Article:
A family ritual brings home the main ingredient for a favorite dinner.
Midnight on Quantuck Bay. An early harvest moon shines brightly, bouncing off rippling waters reaching high tide: the perfect time to catch blue crabs as they rise to the surface and swim with the tide after dark. Late summer through early fall is the best time to crab for we Lucianos, and midnight crabbing is always a family affair.
A flashlight and net are the only tools we need, plus a cup of hot chocolate to ward away an evening chill. We drift quietly—and sometimes not so quietly—aboard my father’s boat along the Quogue canal as the coming tide pushes us along. Jellyfish and bioluminescent sea creatures glow under the boat’s pass. We split into three areas on the boat: the left and right side and the bow. As we shine our lights on the glistening moonstruck water, I see an olive-green-colored carapace with brilliant-blue claws swimming into the light to snack on baitfish. I swiftly scoop and behold a male. Known to most watermen as a Jimmy, he has a long, narrow, inverted T-shape apron and blue-tipped claws. Everyone enthusiastically yells, “Yeah!” However, a house light goes on and a shadow of a person looking out the window is most likely curious about the ruckus; we quiet down. A few minutes later my uncle, who is at the bow of the boat, shouts, “CRAB!” He plunges his net into the water and misses the clever crustacean. Everyone on the boat roars with laughter and starts singing a song my father made up to tease those with empty nets.
Another house light goes on as we approach Quantuck Bay.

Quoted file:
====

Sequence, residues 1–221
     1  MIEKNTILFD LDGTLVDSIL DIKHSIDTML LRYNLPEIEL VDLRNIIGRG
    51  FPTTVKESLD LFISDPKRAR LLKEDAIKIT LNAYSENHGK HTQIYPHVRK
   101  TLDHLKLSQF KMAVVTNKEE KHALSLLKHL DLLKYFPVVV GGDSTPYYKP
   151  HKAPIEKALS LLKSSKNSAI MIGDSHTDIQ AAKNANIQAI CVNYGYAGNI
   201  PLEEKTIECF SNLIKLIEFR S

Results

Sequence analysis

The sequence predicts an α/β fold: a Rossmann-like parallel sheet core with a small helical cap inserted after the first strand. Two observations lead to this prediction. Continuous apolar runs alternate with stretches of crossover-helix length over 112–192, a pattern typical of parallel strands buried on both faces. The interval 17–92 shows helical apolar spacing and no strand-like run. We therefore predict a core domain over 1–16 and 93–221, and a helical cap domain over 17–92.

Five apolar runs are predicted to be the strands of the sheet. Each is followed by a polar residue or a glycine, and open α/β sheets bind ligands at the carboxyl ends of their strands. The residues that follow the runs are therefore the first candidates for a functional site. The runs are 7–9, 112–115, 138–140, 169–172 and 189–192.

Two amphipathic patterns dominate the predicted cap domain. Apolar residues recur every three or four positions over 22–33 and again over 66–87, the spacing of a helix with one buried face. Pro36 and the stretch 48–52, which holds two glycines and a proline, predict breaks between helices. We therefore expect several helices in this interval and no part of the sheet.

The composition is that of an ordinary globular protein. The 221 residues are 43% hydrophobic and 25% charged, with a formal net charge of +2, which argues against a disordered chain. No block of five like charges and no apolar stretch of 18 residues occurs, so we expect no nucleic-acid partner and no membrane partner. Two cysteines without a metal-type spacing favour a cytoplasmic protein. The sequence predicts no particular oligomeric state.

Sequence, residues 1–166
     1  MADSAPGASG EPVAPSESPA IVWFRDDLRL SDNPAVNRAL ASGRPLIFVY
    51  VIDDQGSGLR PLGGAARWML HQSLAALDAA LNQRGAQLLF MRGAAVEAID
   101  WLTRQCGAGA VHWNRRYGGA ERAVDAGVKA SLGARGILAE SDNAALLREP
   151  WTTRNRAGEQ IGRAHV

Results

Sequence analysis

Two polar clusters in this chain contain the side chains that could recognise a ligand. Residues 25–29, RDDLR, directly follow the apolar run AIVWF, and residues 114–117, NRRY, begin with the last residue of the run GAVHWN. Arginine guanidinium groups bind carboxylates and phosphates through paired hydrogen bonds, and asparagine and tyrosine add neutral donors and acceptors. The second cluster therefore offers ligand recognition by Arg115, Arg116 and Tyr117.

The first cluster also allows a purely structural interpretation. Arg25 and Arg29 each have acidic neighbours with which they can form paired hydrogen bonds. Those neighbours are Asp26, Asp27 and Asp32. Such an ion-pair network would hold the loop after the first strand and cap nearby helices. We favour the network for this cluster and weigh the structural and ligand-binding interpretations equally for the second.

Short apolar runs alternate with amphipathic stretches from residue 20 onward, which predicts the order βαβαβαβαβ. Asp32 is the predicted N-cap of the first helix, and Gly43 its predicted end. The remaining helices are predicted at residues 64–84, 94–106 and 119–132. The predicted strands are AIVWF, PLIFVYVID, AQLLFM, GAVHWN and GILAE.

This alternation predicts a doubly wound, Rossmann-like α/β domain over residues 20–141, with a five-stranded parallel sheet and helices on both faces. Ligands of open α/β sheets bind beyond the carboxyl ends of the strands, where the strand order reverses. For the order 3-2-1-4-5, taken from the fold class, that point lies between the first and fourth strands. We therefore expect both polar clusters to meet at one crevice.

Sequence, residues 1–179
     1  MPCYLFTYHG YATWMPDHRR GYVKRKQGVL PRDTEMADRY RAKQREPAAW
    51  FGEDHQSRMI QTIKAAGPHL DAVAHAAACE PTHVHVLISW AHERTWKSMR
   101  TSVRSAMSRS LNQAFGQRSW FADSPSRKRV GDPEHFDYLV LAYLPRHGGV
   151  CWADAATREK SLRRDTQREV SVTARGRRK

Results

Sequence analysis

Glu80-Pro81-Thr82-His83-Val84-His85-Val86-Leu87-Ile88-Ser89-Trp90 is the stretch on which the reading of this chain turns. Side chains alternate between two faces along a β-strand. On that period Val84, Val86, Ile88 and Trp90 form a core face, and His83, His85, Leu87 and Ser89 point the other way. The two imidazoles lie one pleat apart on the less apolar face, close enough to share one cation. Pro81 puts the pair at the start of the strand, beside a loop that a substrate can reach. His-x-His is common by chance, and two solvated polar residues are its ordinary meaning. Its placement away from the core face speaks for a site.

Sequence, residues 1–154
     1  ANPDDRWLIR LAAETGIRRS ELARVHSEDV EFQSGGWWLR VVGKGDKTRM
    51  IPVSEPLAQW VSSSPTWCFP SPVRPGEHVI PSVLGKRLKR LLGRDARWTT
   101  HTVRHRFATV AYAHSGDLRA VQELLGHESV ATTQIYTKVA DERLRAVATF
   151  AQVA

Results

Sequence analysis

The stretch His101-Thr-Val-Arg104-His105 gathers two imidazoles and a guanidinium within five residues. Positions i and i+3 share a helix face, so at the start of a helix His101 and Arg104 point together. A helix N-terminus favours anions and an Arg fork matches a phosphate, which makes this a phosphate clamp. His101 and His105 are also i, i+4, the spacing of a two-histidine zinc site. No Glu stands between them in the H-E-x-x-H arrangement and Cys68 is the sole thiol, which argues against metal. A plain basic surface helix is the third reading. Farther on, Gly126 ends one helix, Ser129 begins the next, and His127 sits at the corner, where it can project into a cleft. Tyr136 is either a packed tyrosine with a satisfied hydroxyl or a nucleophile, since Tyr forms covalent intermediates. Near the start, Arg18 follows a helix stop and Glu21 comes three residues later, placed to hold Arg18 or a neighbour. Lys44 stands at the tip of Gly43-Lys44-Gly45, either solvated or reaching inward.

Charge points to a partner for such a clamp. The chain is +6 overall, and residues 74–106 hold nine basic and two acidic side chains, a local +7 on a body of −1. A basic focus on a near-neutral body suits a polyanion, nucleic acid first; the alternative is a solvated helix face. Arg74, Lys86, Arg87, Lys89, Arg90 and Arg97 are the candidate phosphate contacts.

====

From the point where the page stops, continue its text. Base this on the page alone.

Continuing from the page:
The blue crab’s scientific name, Callinectes sapidus, translates to “savory beautiful swimmer,” and around our boat, crabs of all shapes and stages were darting, diving and treading. I scooped up a blue sponge crab, a pregnant female carrying fertilized eggs under her abdomen; from a distance these bright- to dark-orange eggs resemble a sponge. I release the female back into the water, because it’s illegal to keep them while pregnant. Female adolescent blue crabs are called “sallys” or “she-crabs” and are identified by an inverted “V” or a triangular-shape apron; a mature female is a “sook” and is identified by an inverted “U” or bell-shape apron. A quick way to spot a female crab is by her manicure-like red-orange-tipped color claws.
Another crab is scooped up, but this time it is a soft shell—bonus! Many people believe a full moon yields larger catches of soft shells, because the huge tides submerge shoreline grasses that provide a vast area of cover and protection for crabs to molt and feed. Some say this theory is crab folklore, but I think the lunar cycle has something to do with it. Soft shells have molted their hard shell—temporarily stripped of their armor—in order to grow. It takes approximately two to four days for the shell to fully harden and will only harden in water (the hardening process will stop if the crab is on dry land).
Soft-shell crabs are widely found in restaurants during May through August on the East End. All you need is a knife and fork or your hands to enjoy them sautéed in butter, lemon and capers, or dipped in buttermilk, dredged in a cornmeal crust, fried and placed in between a bun with coleslaw.
By 2 a.m. the bucket is brimming with crabs from 4.5 inches—the legal minimum—to 7 inches from tip to tip at the broadest part of the shell. This midnight effort means a Sunday feast of my father’s linguini with crabs in red sauce. He has been making this dish since I was a child, and it is the one time that we are all quiet around the table with sauce-splattered faces from sucking out the sweet meat.
Skimming from bulkhead edges or using traps and drop-lines baited with bunker or chicken legs and wings are other ways to catch blue crabs. Midnight crabbing is my technique of choice, especially during a harvest moon; you are sure to catch crabs and it’s loads of fun. On September 9 a supermoon will occur. This is when a full moon—in this circumstance—or new moon coincides with the closest approach the moon makes to the Earth on its elliptical orbit and results in the largest apparent size of the lunar disk as seen from Earth. Combine this with a high tide at 12:04 a.m.—just past midnight—and I guarantee there will be super crabs for the scooping.